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Assassination of Mahatama Gandhi BY ABDUR-RAHMIN, FATIMAH / AKOBARDIYA, LIANA KHAN, IMRAN / PASQUAROSA, NICHOLAS . Early Life and background. Gandhi was born October 2 nd , 1869.

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early life and background
Early Life and background
  • Gandhi was born October 2nd, 1869.
  • At the young age of 13, Gandhi was married to Kasturba Gandhi in an arranged marriage, with whom he had four sons.
  • During this time, Gandhi was only a decent student.
time in britain
Time in Britain
  • Gandhi went to London, England to study Indian law in 1888.
  • Despite receiving a good legal education, Gandhi became very interested in philosophy and religion.
  • He read and studied Hindu and Buddhist religious texts with fellow vegetarians he had met in London.
gandhi in south africa
Gandhi in South Africa
  • From 1893 until 1914, Gandhi traveled South Africa.
  • Gandhi experienced racism first hand there as a colored man.
  • The colonial occupation of South Africa was very similar to the British colonialism in India.
  • There, for the first time, Gandhi began to organize Indian people in order to practice non-violent protest
return to india
Return to India
  • Gandhi returned to India permanently in 1915, now armed with his legal education, spiritual study, and new views on the Indian peope.
  • In 1921, after WWI ended, Gandhi began to implement the tactics of non-cooperation and non-violence to fight against the British ruling elite in India.

Indeed, this quote is still applicable today. For example. The Occupy Wall Street movement was first ignored by the media, then mocked for their ridiculous demands, and are approaching the “fight” stage.

after wwi
After WWI
  • Gandhi spent the time between WWI and WWII trying to and succeeding in unifying the Indian Congress.
  • By this point, Britain recognized Gandhi as a powerful political figure and invited him on various occasions to conferences in Britain. However, Gandhi’s political participation began to wane by the late 1930’s.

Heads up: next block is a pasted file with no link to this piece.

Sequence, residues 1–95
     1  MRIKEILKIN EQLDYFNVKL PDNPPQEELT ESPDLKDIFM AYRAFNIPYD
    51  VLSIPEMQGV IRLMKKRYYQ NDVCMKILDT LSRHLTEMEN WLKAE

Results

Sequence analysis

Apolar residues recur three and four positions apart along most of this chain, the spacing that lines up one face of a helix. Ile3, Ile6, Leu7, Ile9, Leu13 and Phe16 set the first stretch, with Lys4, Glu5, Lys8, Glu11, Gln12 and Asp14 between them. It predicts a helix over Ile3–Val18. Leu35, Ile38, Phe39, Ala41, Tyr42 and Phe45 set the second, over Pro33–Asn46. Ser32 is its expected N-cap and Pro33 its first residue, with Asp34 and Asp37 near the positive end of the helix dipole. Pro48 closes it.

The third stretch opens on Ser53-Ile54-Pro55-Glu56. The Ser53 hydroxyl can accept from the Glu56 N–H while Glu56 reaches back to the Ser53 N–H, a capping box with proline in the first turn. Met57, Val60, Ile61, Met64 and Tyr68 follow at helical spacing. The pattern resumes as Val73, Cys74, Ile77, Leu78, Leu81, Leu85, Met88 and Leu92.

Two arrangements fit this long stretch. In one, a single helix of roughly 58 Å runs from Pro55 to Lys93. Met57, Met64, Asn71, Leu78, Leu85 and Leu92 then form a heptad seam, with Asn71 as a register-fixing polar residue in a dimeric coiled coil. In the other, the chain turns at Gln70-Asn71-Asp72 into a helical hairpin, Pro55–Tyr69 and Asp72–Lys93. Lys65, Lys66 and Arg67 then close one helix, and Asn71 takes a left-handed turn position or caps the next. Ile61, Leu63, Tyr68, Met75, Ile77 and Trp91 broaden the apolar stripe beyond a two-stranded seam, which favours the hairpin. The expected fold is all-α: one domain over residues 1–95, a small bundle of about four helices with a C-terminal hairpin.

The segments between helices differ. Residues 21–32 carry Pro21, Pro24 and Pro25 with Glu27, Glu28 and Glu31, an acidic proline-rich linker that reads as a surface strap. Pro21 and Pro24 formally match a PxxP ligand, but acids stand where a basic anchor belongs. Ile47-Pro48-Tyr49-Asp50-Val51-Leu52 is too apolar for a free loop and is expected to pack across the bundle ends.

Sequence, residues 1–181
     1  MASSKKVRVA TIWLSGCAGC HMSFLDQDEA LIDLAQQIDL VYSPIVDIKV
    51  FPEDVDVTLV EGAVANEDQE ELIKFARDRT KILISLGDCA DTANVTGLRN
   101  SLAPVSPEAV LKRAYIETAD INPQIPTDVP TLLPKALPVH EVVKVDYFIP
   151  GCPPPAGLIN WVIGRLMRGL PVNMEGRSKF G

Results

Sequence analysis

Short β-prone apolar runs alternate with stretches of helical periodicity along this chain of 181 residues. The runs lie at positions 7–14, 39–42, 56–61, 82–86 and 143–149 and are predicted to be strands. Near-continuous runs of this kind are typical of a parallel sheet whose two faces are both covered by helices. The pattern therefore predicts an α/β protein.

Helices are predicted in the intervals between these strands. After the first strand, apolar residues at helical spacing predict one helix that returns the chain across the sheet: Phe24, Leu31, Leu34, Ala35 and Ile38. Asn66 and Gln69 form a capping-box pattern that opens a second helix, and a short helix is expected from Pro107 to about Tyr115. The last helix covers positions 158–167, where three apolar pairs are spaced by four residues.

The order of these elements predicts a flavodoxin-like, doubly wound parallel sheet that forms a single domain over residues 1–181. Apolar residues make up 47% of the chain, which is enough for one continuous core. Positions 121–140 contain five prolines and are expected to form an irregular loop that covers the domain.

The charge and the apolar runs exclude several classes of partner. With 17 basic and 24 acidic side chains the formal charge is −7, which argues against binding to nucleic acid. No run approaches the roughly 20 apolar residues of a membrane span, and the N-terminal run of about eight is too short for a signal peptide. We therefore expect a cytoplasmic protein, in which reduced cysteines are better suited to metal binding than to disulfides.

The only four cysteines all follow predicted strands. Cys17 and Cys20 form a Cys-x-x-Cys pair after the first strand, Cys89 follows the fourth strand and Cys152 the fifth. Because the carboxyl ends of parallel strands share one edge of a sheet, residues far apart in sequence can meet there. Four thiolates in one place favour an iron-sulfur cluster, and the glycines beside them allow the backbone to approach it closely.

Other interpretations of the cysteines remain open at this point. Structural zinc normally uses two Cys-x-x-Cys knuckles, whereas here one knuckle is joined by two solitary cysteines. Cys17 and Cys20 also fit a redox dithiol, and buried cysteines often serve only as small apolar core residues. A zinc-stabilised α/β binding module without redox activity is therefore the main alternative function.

• Gandhi also tried and failed to reconcile problems between Indian Muslims and Hindus.
wwii and the final years
WWII and the Final Years
  • Gandhi led the Indian people in giving moral support to the British WWII effort, although war violated Gandhi’s religious beliefs.
  • After the war ended, Gandhi actively campaigned to end all British occupation of India, and sought to improve Muslim-Hindu relations.
  • There was much violence during the mid and late 1940’s in India.
  • Gandhi was assassinated by a Hindi nationalist extremist, NathuramGodse.
  • Godse believed that, despite all of the good work that Gandhi had done in liberating India, that his relations with Muslims were not in Hindu Indian’s best interest, and that Gandhi’s strong influence would be too persuasive.
death aftermath
Death Aftermath
  • Gandhi’s death deeply saddened India and the international community at large.
  • His funeral procession was 5 miles long.
  • The government made sure that there was no backlash against Muslims, as despite that fact that a Muslim did not carry out the assassination, they were still blamed.
  • Gandhi’s concept of “Swaraj,” or self-rule, is a concept that Conservatives and Libertarians who don’t want “Big Government” identify with.
  • His use of non-violent tactics and Civil Disobedience was the inspiration for Martin Luther King Jr. and the Civil Rights Movement that occurred in the 1960’s in America.